Thursday, November 10, 2011

SPL Shelf Life [kids]

Ghost of Heroes Past, by Charles Reid, 168 pages.

On the night before his fourteenth birthday, Johnny Anders has an unusual dream – a dream in which he is taken back in time to meet the ghosts of some real-life Canadians who were involved in dangerous, deadly work during the two World Wars. He observes Commando Tommy Prince’s daring rescue of a small group of ambushed French Resistance fighters and Nurse Joan Fletcher’s courageous struggles to bring hundreds of wounded civilians through the dense Indonesian jungle to safety. He witnesses Bill Chong’s near-capture in his work as a British spy in World War II Hong Kong, and flies with fighter-pilot Raymond Collishaw as he brings yet another German plane to the ground. Johnny is present when a group of courageous nurses stand in front of some helpless invalids to shield them from armed Japanese soldiers invading a war hospital. He sees the vicious trench warfare of World War I, as well as boats being torpedoed in the Atlantic Ocean during World War II.
Charles Reid’s story brings Johnny and the reader to a new interest in, and understanding of, our nation’s war heroes – heroes who were ordinary Canadians, both men and women, acting with great courage to save others even when they were very afraid. Loosely based on Charles Dicken’s A Christmas Carol (in which Ebenezer Scrooge is visited by ghosts), Ghost of Heroes Past is believable because the story is based on real people, facts and events. (In fact, London, Ontario author Charles Reid was able to interview British spy Bill Chong while conducting his research.)
The result is an intriguing book that reveals the courage, resilience and selflessness of its heroes - as well as the death and dehumanization of war.
** Recommended for ages 12 to 15 years.
Irena Sendler and the Children of the Warsaw Ghetto, by Susan Goldman Rubin, 40 pages.

The subject of heroism is further explored in the beautifully-illustrated, true story of Irena Sendler, a young Polish social worker who helped approximately four hundred children escape from Nazi soldiers – and almost certain death - during World War II.
When Poland surrendered on September 28, 1939, Nazi soldiers rounded up Jewish families and forced them to live in ghettos located in cities such as Warsaw. There, poor sanitation, a lack of food and overcrowding soon resulted in deadly epidemics, such as cholera. In 1942 the Nazis started to empty these ghettos, herding Jewish children and adults into cattle cars going to Treblinka, a death camp, where those who hadn’t already succumbed to sickness or starvation would be put to death.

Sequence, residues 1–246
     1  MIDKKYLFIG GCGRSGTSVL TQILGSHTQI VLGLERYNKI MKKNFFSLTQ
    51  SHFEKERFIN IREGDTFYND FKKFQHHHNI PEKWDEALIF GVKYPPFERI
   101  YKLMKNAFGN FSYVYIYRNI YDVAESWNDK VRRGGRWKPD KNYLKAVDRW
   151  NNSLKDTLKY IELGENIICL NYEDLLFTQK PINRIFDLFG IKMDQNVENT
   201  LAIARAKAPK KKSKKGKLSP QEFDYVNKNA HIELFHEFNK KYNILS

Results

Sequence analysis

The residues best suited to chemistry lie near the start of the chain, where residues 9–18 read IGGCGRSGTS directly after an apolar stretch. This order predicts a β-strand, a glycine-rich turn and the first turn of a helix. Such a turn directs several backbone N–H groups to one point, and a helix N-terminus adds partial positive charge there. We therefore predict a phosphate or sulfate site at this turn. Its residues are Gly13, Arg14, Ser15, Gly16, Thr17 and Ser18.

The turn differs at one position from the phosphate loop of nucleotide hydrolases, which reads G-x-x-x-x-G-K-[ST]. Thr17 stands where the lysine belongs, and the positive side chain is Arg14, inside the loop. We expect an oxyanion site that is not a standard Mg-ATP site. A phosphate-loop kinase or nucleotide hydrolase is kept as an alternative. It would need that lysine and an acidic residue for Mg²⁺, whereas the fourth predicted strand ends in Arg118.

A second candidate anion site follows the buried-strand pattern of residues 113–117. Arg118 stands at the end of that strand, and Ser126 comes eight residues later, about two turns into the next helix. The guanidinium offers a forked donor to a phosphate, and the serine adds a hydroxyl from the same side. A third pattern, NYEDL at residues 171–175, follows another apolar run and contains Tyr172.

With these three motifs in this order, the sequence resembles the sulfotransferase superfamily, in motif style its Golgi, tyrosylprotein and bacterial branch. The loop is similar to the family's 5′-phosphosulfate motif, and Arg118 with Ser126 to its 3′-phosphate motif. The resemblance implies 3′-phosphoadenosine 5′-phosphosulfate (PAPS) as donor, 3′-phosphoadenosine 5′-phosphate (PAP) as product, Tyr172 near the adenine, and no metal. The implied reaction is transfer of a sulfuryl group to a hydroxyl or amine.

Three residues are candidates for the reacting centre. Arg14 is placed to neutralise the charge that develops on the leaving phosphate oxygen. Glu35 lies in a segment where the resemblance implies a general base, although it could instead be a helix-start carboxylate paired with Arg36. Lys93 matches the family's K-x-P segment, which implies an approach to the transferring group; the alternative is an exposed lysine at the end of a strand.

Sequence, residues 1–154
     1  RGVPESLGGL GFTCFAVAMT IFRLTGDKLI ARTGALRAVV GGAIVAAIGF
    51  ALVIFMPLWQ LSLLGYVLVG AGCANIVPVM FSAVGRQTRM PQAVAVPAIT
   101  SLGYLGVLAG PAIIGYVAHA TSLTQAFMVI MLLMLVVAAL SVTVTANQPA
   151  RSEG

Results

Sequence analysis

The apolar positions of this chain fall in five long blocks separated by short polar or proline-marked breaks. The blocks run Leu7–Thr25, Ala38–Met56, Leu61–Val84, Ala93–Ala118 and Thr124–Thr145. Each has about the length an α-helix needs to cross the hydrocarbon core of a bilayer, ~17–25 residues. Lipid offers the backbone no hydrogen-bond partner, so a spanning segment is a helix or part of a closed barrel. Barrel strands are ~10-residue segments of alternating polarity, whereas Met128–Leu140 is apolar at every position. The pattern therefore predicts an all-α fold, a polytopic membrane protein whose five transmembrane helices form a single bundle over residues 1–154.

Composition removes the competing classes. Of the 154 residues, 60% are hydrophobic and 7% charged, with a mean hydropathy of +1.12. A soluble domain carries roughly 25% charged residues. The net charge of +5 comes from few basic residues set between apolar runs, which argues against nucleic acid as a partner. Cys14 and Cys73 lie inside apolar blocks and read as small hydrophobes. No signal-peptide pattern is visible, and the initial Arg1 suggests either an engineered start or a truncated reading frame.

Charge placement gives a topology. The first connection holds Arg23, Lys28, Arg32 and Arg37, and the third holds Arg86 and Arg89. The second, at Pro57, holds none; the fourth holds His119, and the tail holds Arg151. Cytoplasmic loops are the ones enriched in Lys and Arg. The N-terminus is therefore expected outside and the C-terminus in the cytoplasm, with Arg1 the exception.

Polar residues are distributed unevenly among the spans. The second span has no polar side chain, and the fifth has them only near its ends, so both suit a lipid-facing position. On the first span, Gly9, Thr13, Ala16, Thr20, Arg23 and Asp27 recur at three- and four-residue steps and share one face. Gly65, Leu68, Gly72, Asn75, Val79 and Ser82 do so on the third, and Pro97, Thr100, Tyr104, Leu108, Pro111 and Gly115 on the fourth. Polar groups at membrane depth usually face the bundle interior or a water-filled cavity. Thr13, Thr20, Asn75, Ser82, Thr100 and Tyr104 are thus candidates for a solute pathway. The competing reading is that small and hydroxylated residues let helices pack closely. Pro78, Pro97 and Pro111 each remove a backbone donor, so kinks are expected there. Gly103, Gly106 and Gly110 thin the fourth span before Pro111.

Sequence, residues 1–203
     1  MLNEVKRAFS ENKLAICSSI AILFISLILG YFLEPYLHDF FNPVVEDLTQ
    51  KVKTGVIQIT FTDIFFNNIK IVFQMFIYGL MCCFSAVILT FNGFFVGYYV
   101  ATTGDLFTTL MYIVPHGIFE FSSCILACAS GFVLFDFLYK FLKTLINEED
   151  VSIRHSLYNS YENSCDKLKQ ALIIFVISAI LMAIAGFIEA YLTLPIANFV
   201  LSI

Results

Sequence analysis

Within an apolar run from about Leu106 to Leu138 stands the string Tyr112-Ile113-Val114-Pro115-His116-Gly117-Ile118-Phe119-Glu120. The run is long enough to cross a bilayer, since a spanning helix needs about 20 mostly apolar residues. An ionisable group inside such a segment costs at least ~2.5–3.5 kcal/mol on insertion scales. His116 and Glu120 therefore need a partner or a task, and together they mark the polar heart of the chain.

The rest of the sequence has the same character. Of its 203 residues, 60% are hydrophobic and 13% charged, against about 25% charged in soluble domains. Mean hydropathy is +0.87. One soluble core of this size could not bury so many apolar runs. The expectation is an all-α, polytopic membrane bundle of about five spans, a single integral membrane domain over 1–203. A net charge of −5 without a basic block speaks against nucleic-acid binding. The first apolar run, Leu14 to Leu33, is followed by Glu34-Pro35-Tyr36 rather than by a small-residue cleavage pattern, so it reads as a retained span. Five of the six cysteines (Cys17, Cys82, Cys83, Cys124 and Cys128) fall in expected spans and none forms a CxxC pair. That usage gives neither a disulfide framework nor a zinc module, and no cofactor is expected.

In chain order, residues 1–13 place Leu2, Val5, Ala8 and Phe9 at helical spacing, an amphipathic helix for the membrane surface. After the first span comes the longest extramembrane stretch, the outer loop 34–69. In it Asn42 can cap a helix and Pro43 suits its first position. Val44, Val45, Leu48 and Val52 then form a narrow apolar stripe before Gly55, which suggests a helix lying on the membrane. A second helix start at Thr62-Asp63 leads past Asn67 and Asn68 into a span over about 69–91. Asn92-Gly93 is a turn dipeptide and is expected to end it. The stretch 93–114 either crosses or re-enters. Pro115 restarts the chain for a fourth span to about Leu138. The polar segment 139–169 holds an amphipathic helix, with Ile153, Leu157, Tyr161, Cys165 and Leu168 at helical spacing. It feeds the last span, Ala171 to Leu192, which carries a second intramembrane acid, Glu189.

Irena’s heart told her that despite the certain danger and risk, she had to do something – and she did.
She became a member of the Council for Aid to Jews, a new underground organization. Disguised as a nurse, Irena would enter the Warsaw Ghetto and smuggle out children in any way she could devise. With the help of other Council members, some children were smuggled out in ambulances, hidden under stretchers and floorboards. Some were concealed in fire trucks. Some were hidden in sacks, body bags or coffins, supposedly en route to the Jewish cemetery. Occasionally, some of the children escaped through the city’s sewer system in a precisely-timed, well-rehearsed operation. Sometimes, babies were even smuggled out of the ghetto in potato sacks, suitcases or toolboxes.
Parents of these children made the heart-breaking decision to let their offspring go, knowing that otherwise they would face almost certain death. Irena kept a list of the escaped children and their parents, in case they could be reunited after the war – and in a few cases, this did happen.
For the 5 ½ years of the German occupation of Warsaw, Irena continued her dangerous work, despite being arrested once by the Nazis and almost put to death.
Irena’s story is one that certainly deserves to be told and read.
It is the story of a true hero.
Recommended for ages 7 to 12 years.

These reviews appeared in The Stratford Gazette on November 10th. Written by Sally Hengeveld, Librarian.

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